• 7 Manatee Fun Facts

    Florida Manatee, sometimes referred to as “Sea Cows” are frequent sights around the Adventure Coast, particularly in the 74 degree Weeki Wachee River. You already know that these gentle marine mammals are large – generally about 10 feet long, 800 to 1200 pounds – and gray in color like their distant elephant cousins. But did you know¬†that the bones in a manatee’s flippers are similar to finger bones in human hands?

    This affords flexibility to propel through the water, hold onto objects and to manipulate food into their mouth. They even have three or four nails on the end of each flipper.

    Here are 7 more fascinating facts about the West Indian Manatee:

    1. Manatee are found in bothfresh and saltwater environments. They prefer water around six to seven feet deep in slow moving rivers, estuaries, bays, coastal areas and canals. Vulnerable to cold stress syndrome, they seek water above about 68 degrees.

    2. Manatee are part of the order Sirenia. The term Sirenia is a reference to the mythical “siren” of Homer’s Odyssey, a beautiful mermaid who lured sailors to treacherous waters and reefs.

    3. Because manatee are docile herbivores, grazing on various aquatic plants, they have only molars for teeth. As these teeth are worn down from grinding up the vegetation, they are replaced with new ones growing in from the back. Teeth are replaced back-to-front throughout the manatee’s life.

    4. Manatee usually give birth in the winter after a 13 month gestation, and only to a single calf every two to five years. Mothers nurse their young from beneath their flipper for up to two years, during which time the calf and mother are inseparable.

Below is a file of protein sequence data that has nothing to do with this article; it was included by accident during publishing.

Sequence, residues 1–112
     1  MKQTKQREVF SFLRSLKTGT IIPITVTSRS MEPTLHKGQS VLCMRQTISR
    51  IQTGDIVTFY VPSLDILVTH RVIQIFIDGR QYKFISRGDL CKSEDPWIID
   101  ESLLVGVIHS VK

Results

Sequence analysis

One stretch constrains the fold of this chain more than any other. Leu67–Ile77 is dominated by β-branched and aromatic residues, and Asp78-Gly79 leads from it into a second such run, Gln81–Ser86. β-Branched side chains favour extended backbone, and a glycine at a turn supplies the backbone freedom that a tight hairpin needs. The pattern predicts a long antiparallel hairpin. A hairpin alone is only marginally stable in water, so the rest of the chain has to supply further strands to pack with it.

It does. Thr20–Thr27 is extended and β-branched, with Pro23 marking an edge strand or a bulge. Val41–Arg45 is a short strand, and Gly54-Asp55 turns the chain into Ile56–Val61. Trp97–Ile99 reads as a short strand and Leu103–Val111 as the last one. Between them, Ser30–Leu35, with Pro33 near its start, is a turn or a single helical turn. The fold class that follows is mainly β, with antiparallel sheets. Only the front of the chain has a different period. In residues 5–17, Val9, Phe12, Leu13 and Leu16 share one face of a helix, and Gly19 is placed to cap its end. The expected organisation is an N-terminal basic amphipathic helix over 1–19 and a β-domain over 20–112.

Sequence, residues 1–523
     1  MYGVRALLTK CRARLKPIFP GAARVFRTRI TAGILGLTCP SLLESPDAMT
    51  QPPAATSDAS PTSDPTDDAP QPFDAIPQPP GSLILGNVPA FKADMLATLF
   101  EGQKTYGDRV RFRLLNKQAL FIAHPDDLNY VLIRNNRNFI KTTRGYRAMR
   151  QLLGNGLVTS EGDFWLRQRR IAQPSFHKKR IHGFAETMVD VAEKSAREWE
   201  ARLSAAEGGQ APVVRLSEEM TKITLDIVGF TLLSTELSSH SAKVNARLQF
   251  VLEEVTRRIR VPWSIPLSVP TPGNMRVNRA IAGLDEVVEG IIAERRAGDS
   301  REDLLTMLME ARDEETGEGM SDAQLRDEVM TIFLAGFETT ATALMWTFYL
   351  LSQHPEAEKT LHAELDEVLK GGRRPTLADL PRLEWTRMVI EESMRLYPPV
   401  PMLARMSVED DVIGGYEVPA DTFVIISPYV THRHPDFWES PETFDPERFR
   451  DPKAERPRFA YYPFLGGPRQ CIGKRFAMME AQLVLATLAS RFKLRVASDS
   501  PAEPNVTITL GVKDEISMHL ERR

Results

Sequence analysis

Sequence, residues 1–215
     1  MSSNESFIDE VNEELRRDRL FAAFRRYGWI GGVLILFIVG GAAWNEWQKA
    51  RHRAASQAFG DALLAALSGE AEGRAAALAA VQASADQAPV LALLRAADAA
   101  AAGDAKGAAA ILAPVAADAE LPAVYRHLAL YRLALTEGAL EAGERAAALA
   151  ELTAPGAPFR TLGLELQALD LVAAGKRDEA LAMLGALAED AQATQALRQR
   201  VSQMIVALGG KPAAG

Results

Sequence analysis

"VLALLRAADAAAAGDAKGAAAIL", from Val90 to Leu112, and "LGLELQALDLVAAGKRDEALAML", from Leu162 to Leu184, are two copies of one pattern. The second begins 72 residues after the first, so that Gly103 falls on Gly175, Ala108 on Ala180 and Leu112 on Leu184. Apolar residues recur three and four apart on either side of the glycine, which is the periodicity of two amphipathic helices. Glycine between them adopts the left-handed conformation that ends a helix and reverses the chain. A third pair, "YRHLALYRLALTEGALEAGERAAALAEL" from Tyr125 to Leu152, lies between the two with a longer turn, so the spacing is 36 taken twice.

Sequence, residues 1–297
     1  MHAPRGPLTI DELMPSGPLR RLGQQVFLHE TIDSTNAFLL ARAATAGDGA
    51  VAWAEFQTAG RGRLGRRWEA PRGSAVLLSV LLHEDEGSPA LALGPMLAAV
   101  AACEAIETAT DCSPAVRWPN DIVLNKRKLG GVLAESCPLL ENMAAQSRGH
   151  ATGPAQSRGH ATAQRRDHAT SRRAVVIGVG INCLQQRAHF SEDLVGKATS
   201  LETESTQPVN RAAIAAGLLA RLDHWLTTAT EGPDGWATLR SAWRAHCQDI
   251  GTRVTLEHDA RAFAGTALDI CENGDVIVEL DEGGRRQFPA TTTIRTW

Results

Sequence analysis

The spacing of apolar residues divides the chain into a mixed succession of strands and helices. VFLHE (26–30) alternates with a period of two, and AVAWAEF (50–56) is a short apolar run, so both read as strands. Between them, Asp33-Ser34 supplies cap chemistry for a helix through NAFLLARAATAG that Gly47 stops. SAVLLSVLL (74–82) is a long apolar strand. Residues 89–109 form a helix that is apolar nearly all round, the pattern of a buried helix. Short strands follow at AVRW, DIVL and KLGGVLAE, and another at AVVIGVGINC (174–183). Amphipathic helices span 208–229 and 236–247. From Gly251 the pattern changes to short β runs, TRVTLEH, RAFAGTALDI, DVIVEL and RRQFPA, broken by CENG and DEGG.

5. Unlike most mammals with lungs beneath the ribcage, lungs of a manatee lie along its backbone. To help facilitate lengthy underwater periods, the lungs are long and also function as buoyancy control. Breathing occurs through a pair of nostrils located on top of the nose which close off when diving. When a breath is taken, 90% of the air in the lungs is refreshed, compared with about 10% in humans. This allows the manatee to make more efficient use of its trips to the surface. Manatee normally breathe every 2 to 5 minutes, but can stay submerged for as long as 20 minutes if necessary.

    6. When manatee aren’t eating or resting, they are playing. When sleeping, the manatee lies motionless on the bottom, but has to surface for a breath every few minutes. With as little effort as possible, the manatee will surface, breathe, and settle right back to the bottom. When playing, manatee sometimes chase each other, rub each other, or just roll over and over.

    7. Manatee can be curious and will sometimes pop their heads up next to boats to check out their human company. Sharing the waterways in this manner, combined with the gentle inquisitive nature of the manatee can be dangerous to them. This is why boaters are urged to exercise great care in the shallow coastal areas, home to manatee year round, and particularly in the winter months with many mothers and calves sharing the waterways.

    Out on the water? Observe No Wake Zones and watch carefully for manatee at or near the surface. With no natural predators, boat encounters and habitat incursion are the main obstacles to life spans as long as 60+ years.

    If you see a sick, injured, deceased or tagged manatee, call the FWC’s Wildlife Alert Toll-Free Number 1-888-404-FWCC (1-888-404-3922)
    Cellular phone customers: *FWC or #FWC

    Sources:
    Save the Manatee Club

    Florida Fish and Wildlife Conservation Commission

    (Downloadable) Manatee Coloring and Activity Book

    Oceanic Research Group

     

    Follow Us Online

 

Pin It on Pinterest

Share This